I am 45 years old and had Silicone Gel implants for 20 years. One side became firm 6 years ago. My family physician ordered an ultrasound and it suggests rupture of the implant. Should I have further x-ray studies done to make sure?
This is a common issue confronting plastic surgeons. The answer is rather complex and should involve a consultation with your plastic surgeon. Some recent research papers give some guidelines and the general thinking follows this line of reasoning.
This patient who has probable intracapsular (without spread into the breast itself) rupture of one of her 20-year-old silicone gel implants requires surgery to remove the ruptured implant and periprosthetic capsule. Test characteristics (sensitivity and specificity) and implant rupture prevalence have been used to calculate the probability of rupture for various patient scenarios. In asymptomatic patients, the pretest rupture prevalence is estimated at 6.5%. Ultrasonography shows no rupture, the probability of rupture drops to 2.2%. No further work-up is necessary. If ultrasonography suggests rupture, the relatively low probability (37.8%) of true rupture requires a confirmatory test using MRI.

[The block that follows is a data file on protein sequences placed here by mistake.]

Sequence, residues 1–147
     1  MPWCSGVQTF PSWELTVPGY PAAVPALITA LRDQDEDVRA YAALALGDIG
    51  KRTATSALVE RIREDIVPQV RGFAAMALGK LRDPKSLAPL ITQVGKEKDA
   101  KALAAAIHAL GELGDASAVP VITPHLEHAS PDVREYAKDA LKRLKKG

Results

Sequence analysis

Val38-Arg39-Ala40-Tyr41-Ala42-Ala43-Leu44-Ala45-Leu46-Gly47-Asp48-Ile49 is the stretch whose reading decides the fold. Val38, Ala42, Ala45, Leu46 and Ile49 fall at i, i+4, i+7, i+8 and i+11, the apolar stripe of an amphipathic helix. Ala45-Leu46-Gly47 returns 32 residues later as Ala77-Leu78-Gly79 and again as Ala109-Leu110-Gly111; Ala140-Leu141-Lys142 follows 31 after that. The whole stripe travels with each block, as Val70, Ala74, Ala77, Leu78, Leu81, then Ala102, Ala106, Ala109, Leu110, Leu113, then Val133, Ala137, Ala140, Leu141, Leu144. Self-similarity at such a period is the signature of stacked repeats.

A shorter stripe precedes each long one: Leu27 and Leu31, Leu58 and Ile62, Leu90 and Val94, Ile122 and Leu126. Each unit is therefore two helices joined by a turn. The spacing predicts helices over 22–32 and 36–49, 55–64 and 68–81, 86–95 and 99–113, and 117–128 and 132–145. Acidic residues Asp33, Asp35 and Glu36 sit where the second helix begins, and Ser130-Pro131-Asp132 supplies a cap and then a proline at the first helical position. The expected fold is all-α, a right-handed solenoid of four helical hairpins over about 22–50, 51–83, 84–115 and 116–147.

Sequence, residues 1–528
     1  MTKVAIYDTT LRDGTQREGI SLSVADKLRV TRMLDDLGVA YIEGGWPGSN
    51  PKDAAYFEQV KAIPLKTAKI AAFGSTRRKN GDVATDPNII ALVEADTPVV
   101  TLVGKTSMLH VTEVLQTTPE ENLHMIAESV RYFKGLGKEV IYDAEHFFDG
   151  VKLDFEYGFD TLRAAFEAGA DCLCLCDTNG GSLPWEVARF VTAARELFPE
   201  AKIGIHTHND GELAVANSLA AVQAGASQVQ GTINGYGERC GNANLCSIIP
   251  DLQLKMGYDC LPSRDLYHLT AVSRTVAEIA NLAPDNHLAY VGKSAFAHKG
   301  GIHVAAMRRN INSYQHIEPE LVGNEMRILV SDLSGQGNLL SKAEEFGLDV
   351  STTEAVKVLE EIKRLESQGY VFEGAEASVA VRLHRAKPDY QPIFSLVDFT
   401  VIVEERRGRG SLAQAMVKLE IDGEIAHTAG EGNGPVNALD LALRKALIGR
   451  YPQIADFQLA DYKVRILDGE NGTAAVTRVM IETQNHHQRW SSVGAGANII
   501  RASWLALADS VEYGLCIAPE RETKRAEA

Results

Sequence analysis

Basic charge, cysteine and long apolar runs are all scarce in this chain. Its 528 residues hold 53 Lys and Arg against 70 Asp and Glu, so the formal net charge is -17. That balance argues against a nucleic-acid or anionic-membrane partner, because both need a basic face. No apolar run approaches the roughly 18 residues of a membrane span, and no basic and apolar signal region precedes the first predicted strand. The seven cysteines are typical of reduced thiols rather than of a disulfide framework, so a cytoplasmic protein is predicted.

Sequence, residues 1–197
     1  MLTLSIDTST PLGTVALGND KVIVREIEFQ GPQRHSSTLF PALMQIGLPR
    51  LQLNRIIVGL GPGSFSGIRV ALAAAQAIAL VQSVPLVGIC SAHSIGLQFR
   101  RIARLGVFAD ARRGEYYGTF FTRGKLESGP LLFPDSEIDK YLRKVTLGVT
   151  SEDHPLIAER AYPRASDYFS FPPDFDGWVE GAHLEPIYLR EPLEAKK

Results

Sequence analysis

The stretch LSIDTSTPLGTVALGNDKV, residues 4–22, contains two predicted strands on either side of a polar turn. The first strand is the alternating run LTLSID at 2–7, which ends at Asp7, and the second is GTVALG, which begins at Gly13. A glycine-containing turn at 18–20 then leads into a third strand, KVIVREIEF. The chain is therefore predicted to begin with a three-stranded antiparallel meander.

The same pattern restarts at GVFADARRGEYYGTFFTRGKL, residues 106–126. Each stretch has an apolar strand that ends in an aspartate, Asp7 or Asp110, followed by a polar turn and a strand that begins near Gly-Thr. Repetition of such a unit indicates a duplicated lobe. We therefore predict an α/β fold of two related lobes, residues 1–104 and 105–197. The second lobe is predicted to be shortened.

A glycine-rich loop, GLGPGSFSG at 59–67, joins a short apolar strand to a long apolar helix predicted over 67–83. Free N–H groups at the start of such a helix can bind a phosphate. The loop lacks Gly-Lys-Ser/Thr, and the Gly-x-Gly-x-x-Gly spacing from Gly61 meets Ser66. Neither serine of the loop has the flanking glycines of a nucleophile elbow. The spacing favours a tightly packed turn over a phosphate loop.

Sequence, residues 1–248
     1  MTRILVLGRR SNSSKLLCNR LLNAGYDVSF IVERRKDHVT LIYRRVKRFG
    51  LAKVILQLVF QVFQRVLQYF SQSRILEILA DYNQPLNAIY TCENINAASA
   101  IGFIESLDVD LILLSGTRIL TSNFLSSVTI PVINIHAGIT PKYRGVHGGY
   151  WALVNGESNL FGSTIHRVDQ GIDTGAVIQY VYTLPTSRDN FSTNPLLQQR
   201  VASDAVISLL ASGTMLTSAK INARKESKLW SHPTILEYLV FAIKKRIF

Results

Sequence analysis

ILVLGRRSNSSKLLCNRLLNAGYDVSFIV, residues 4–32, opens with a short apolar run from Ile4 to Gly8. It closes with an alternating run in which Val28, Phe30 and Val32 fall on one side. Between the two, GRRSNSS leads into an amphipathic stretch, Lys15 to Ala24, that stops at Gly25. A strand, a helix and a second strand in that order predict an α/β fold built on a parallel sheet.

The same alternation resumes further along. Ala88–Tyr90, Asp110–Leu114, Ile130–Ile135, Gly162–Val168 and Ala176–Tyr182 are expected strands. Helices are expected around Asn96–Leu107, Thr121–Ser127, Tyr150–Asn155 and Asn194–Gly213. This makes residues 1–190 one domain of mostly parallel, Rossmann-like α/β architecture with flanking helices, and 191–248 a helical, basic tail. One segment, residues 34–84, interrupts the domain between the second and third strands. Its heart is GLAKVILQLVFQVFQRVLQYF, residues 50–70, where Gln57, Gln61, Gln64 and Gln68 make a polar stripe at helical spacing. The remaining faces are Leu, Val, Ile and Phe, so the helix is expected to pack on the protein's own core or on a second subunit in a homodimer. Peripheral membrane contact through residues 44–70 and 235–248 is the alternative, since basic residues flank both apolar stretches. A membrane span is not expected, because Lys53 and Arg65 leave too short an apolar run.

In symptomatic patients (i.e., patients who have breast asymmetry or capsular contracture), the high prevalence of rupture markedly raises the probability of rupture after positive findings on ultrasonography. In symptomatic patients whose implants are no more than ten years old, the prevalence of rupture is estimated to be 31%. Positive ultrasonography increases the probability of true rupture to 79.7%, and this probability is increased to 97.5% if a follow-up MRI shows rupture. In this woman and other symptomatic patients whose implants are more than ten years old, the high probability of true rupture (94%) after positive findings on ultrasonography obviates the need for any further diagnostic testing such as MRI.
Observation is inadequate because implants that are known or suspected to be ruptured should be removed. Mammography is recommended for screening of benign and malignant diseases. However, evaluation of implant status by routine mammography is limited, particularly in cases of intracapsular rupture. Not all of the implant and surrounding breast tissue can be visualized, and patients with severe capsular contracture and painful breasts may not be able to undergo the compressive technique required to execute the study. Only when the silicone has migrated away from the fibrous capsule (extracapsular rupture) can mammography offer accurate diagnosis.
Beckman WH et al. Plast Reconstr Surg. 1998;102:1281-1289
Chung KC et al. Plast Reconstr Surg. 1998;102:1281-1289